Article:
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Who is Stratis Myrivilis?

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Stratis Myrivilis (1892-1969) is one of the most influential Greek prose writers of the twentieth century. He wrote several compelling novels and worked for a variety of newspapers and other publications, capturing life in Greece during the first two thirds of the twentieth century in his stunning work. He was a well known member of the Greek Generation of 1930, a group of writers generally considered to have brought modernism to Greek literature.

Myrivilis was born on Lesbos in 1892 and spent his childhood in the village of Sykamnia. He went to Mytilene, the largest town on the island, for high school, and then moved to Athens to pursue a university education. He abandoned his studies when war broke out in the Balkans and served in the military for the next ten years. When he returned to Lesbos after the war, it was as a staunch pacifist, and as a result, he contributed a large body of work to Greek anti-war literature.

On Lesbos, Stratis Myrivilis worked as a journalist and a writer, moving back to Athens in 1930 to work in broadcast journalism. He was a member of the Academy of Athens, which nominated him for a Nobel Prize in 1960. After the Second World War, he was elected President of the National Society of Greek Writers. Within Greece, he is hailed as the most important writer of the twentieth century.

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Literary scholars often state that Stratis Myrivilis captured the tumultuous early part of the twentieth century in Greek with brilliance, sensitivity, and grace. His novels are considered to be among the finest prose of the twentieth century and speak with a clear voice against war, particularly civil war. Much of his work, including his most important novel, Life in the Tomb, is highly autobiographical, discussing his personal experiences in the battlefield. Life in the Tomb has been translated into 15 languages, including English, and is regarded by most critics as one of the most powerful anti-war novels of the twentieth century.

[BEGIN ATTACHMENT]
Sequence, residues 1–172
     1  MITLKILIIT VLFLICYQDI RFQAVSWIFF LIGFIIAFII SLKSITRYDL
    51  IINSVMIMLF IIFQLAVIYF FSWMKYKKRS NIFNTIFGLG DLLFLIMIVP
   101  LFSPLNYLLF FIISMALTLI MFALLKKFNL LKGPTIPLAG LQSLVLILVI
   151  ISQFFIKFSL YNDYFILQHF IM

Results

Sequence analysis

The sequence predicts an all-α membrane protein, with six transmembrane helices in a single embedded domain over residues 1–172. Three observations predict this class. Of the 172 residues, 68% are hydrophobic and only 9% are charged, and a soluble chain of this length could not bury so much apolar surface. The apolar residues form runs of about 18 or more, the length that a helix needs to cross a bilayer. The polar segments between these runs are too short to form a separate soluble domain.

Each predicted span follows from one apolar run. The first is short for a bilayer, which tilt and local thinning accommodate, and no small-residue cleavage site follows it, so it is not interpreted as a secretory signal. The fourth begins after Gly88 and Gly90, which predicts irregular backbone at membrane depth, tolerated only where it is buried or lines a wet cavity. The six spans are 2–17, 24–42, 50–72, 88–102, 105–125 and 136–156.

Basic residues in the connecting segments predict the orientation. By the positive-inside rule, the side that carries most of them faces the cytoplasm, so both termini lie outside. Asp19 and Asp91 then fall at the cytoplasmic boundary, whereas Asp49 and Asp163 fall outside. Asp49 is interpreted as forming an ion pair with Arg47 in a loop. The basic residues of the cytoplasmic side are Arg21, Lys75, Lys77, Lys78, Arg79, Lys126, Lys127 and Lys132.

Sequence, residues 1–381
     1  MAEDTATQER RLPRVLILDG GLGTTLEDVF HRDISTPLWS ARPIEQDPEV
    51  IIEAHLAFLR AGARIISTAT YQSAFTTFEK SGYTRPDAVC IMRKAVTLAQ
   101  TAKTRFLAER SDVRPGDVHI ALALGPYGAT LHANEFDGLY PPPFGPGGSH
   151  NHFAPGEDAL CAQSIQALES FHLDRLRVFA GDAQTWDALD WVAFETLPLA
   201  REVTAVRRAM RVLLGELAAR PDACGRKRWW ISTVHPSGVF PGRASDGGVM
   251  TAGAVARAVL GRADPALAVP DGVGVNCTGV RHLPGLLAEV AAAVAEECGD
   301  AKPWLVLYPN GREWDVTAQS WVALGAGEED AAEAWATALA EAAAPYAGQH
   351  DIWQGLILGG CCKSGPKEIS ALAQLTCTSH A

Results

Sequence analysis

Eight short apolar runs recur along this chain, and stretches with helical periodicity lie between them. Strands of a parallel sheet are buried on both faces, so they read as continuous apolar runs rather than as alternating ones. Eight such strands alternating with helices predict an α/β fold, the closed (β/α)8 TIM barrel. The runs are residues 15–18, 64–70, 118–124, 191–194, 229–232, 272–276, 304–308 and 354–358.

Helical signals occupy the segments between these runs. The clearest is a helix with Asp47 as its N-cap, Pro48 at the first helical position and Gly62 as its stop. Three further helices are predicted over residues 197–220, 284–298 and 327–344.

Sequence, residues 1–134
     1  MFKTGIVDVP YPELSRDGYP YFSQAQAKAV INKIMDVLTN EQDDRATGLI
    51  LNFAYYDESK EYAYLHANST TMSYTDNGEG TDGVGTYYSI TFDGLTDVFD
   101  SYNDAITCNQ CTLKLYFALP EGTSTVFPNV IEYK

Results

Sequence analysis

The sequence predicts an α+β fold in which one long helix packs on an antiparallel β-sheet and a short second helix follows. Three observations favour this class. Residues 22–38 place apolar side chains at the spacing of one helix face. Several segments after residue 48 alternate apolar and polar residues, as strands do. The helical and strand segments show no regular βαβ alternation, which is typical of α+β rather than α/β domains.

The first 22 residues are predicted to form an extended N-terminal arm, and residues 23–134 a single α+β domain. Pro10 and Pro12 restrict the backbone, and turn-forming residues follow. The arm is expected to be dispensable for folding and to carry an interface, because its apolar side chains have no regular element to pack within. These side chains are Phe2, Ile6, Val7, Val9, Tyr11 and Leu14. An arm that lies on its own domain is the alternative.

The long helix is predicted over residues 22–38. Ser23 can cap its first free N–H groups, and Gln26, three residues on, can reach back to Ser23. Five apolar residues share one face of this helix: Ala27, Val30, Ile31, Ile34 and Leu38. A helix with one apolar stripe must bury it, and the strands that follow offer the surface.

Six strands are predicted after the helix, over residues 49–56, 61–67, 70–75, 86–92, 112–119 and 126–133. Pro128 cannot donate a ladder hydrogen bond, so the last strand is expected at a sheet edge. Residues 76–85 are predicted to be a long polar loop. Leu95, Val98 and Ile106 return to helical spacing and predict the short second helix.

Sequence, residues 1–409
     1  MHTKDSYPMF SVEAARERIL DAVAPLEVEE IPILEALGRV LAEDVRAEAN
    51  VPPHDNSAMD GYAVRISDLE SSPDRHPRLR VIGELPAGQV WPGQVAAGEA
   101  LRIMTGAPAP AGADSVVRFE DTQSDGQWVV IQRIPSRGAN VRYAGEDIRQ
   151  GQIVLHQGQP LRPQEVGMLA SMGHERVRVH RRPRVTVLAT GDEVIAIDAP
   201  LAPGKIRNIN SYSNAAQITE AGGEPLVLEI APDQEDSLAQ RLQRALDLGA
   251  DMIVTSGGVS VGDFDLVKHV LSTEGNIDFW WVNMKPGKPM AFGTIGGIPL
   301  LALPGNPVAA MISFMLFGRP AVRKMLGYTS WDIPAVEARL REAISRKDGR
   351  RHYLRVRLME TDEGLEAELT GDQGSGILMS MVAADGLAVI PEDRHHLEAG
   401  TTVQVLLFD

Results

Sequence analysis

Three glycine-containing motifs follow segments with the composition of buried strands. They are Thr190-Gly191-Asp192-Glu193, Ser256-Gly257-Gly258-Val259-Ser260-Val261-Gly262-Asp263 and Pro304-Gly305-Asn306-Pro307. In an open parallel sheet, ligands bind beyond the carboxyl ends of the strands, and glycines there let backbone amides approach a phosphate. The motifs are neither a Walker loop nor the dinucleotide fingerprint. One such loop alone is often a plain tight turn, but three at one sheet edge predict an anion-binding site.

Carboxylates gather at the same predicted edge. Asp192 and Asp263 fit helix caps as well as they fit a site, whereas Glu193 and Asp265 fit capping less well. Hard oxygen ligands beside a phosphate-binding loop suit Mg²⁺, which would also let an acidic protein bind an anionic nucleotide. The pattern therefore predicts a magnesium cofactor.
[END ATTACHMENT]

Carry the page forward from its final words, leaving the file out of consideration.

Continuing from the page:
Despite his influence on literature, Stratis Myrivilis is not very well known outside of Greece and parts of Europe, eclipsed by authors such as Nikos Kazantzakis and Konstantinos Kavafis. Given the huge impact that he had on Greek culture, this is very frustrating for scholars, who have a hard time finding his work.

Only two of Myrivilis' other books are available in translation: The Mermaid Madonna (1959) and The Schoolmistress with the Golden Eyes (1964). His other works include The Green Book (1934), the Blue Book (1939), and The Red Book (1952), collections of essays and speeches.

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burcinc
Post 4

Stratis Myrivilis' name is actually Efstratios Stamatopoulos. Stratis Myrivilis is a pseudonym. Stratis Myrivilis is actually the name of the character in his book "Life in the Tomb." But since this is one of his major works and the character in this story is very similar to Efstratios Stamatopoulos, he is referred to with this name.

Although Life in the Tomb is really about his life, for some reason the author decided to write it as a fiction. He based the story around the imaginary character Stratis.

ddljohn
Post 3

I think that at the time it was published, Life in the Tomb was not much appreciated because of Stratis Myrivilis' background. He had served in the military for about a decade but obviously did not like war and military life.

I read Life in the Tomb. It's a great read and it's definitely anti-war literature. Stratis Myrivilis makes it obvious that he thinks the Greek participation in World War I was a mistake. He doesn't have a lot of nice things to say about army and soldiers either.

So at the time, I'm sure that Stratis Myrivilis was seen by many as anti-nationalist and disliked. Of course, things are different now and he is one of the most revered writers of the era.

discographer
Post 2

Unfortunately, I discovered the works of Stratis Myrivilis very late. I think that he is a very inspirational writer and everyone who is a proponent of peace ought to go through his works. I completely agree with the author of this article. It's a shame that many people are oblivious to Myrivilis' thoughts about peace and war, which I think are just as applicable today as they were when he wrote them.

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